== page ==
When you’re running a business it can feel like you’re juggling a million things, and that’s before you even start to think about the bigger picture and planning ahead.
It seems logical that you should prioritise those tasks which feel most urgent. And, don’t get me wrong, some of them probably really do have to be priorities.
But if we devote all our time to fire-fighting, we are never going to get out from under the overwhelm, and we’re likely to be spending a lot more time than we realise doing things that aren’t actually helping us to earn more, work less, and definitely not to live more fully. So, how can you know what your priorities really are?
Urgent and important are not the same thing.
Firstly, it’s vital to fully recognise that many of the most important things in our business are not immediately urgent.
Sometimes they’ll be fine for a while, but eventually become urgent and end up causing us much more stress than they needed to (hello, leaving your accounts until the day before the deadline) and sometimes they will never be urgent, and so we’ll never do them, when they’re probably exactly the things we SHOULD be doing. For example, emailing your list. The world is not going to end if you don’t send them an email this week. They probably won’t even notice. But, before you know it, it’s been months since you emailed them, and they’ve completely forgotten about you. Your leads have dried up, and when you do finally get around to emailing them, they unsubscribe because they don’t remember signing up for your emails in the first place.
Look at the bigger picture
However busy we are, we need to consciously set aside time to look at the bigger picture and prioritise tasks accordingly. Partly this is about being clear about our overall goals. The more we consciously know what we’re trying to achieve, the simpler it is to decide if a particular task is a priority, and the less likely we are to waste time chasing after another shiny object. Oooh! Pinterest looks fun…..
And if there’s one simple rule of thumb for this, it’s asking yourself, what are the potential impacts of taking these actions? What difference would it really make to my business if I did this or didn’t do this?
You’ll find that some actions will have a huge impact, while others won’t matter much at all.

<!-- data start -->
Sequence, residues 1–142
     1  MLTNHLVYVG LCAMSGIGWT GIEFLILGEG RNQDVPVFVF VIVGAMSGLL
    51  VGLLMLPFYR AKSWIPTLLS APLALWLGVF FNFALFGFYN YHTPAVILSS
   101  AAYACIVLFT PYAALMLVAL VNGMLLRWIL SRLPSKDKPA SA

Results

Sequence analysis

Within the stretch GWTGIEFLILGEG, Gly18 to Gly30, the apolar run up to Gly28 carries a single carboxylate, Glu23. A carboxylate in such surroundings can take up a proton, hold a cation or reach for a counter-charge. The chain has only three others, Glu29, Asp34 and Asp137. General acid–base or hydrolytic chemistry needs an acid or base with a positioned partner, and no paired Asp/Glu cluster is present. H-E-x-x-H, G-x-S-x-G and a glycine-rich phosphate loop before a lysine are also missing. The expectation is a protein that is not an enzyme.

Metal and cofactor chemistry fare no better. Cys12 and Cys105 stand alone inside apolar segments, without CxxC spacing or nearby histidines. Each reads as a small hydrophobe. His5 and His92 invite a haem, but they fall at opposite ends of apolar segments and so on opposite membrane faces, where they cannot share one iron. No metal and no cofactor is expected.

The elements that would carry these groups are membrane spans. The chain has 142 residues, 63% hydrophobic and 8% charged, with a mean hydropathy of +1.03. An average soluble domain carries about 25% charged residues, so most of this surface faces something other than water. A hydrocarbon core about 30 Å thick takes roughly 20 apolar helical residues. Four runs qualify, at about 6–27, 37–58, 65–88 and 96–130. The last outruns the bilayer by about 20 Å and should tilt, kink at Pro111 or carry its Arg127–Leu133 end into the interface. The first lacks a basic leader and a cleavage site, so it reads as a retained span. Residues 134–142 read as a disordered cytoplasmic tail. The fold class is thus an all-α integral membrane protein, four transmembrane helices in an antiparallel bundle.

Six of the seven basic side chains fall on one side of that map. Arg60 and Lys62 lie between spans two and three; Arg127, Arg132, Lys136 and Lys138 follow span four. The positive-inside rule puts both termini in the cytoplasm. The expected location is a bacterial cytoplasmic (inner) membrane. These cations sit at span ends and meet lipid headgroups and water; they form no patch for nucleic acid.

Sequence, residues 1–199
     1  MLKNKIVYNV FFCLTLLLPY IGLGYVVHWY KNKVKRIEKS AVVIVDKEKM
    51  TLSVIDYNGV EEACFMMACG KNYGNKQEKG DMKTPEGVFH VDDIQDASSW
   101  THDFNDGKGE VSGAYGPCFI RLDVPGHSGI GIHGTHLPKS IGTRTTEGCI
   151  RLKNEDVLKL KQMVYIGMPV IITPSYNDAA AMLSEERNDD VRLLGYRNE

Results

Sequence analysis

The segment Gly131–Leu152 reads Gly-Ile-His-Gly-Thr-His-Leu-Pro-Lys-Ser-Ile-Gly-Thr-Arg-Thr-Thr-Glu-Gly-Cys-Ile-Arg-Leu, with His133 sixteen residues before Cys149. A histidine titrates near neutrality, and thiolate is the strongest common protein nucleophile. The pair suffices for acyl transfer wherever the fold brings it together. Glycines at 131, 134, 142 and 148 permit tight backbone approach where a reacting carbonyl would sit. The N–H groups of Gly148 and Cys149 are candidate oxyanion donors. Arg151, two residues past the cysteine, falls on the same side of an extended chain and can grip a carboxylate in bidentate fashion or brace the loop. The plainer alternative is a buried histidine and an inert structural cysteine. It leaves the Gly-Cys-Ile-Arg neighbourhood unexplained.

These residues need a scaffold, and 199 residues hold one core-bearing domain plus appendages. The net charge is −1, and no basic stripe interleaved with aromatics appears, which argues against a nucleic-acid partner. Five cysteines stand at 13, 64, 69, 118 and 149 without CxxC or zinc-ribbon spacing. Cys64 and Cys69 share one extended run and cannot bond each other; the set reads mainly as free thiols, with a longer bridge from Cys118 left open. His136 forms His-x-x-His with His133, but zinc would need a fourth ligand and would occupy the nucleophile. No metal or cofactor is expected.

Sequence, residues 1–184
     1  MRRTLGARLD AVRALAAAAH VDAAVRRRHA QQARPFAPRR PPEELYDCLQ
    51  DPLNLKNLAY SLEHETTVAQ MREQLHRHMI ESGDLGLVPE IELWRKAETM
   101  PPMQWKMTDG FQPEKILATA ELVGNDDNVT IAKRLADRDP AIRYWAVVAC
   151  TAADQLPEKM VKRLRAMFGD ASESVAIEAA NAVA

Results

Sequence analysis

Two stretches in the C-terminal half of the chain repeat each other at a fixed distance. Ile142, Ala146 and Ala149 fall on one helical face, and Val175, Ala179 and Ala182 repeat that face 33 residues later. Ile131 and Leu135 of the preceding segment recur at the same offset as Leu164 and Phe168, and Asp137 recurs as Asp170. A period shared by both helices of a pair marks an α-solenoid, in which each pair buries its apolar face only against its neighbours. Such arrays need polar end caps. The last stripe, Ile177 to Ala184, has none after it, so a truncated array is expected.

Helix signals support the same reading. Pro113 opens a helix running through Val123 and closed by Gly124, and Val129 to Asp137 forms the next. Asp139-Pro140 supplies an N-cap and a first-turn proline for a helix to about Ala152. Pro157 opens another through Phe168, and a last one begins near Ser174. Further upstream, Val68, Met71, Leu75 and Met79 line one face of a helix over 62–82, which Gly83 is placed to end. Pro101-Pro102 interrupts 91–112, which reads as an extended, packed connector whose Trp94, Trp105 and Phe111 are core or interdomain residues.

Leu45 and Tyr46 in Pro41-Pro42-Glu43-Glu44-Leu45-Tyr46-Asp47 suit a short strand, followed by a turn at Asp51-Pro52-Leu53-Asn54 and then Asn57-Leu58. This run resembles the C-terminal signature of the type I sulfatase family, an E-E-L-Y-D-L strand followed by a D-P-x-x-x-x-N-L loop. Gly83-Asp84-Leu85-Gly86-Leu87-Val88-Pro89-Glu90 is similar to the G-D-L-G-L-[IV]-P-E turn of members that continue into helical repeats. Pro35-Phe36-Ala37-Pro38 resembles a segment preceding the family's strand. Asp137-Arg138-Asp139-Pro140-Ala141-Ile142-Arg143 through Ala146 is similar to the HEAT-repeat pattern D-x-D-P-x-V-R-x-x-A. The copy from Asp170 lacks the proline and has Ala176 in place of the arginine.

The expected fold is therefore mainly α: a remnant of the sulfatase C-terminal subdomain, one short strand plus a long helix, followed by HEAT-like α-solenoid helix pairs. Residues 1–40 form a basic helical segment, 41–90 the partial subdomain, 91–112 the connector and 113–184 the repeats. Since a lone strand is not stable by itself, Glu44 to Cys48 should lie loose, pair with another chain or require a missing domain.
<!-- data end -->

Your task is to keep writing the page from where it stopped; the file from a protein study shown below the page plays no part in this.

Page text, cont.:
According to the Pareto effect, 20% of what we do is what will produce 80% of the results. So, identify and focus on that 20%.
Identify and remove bottle-necks
Remember that the impact can be positive (this will add lots of people to my mailing list) or it can improve a negative (this is taking up far more of my time than it’s worth)
Especially if you’re often struggling for time to take those positive actions (what busines owner isn’t?) identify those activities which are eating up your time, but which have little or no real effect, or which could be automated, or delegated or even eliminated in order to free up more time.
Ask yourself, if I wasn’t already doing this, knowing what I know now, is this something I would now choose to start doing?
Maybe you’re plugging away on a social media platform that you know hasn’t ever brought you a client for example?
Or maybe your admin systems could do with a shake-up? Are you still creating and sending invoices manually? How much time would it save in the long-term if you culd automate this? How could you use that time to do something that would actually earn you more?
Then pick 3-5 actions that you could take this week or this month that will really have an impact, and which you can realistically achieve in the time you have available. If some of them are big ones, then what’s the first meaningful step you could take towards achieving that bigger goal?
Plan exactly how long you think they’re going to take, and put that time in your diary (or even better in your Earn Learn Thrive Productivity Planner!) See it as an important appointment with yourself, and prioritise it.
After a few weeks, look back at what you’ve achieved, and note the positive impact on your business. Then prioritise tasks for the next few weeks.
As a freelancer, you’re also a business owner, not just an employee, and responsible for driving the direction of your business. So, give yourself the time and space to do this, and get out from under that mound of ‘to do’s’.
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If you’re an ELT freelancer/business owner you may feel a bit overwhelmed by all the business advice out there…
Should you start a podcast or a YouTube channel, a mailing list, a membership? Is it a good idea to keep things as simple as possible, or should you be looking to diversify? What does scaling even mean, anyway?!
Would you like some clear step by step advice tailored to your stage of business?
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